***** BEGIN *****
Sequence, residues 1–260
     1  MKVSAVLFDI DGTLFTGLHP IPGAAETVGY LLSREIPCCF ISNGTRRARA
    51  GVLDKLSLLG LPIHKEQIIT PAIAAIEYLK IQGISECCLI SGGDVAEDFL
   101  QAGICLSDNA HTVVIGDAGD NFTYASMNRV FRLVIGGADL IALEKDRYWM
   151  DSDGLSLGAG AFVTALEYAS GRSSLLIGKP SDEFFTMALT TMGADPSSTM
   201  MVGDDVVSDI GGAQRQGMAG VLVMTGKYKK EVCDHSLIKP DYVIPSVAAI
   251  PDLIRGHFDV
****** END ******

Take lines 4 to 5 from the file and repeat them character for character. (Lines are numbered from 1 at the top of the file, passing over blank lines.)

   101  QAGICLSDNA HTVVIGDAGD NFTYASMNRV FRLVIGGADL IALEKDRYWM
   151  DSDGLSLGAG AFVTALEYAS GRSSLLIGKP SDEFFTMALT TMGADPSSTM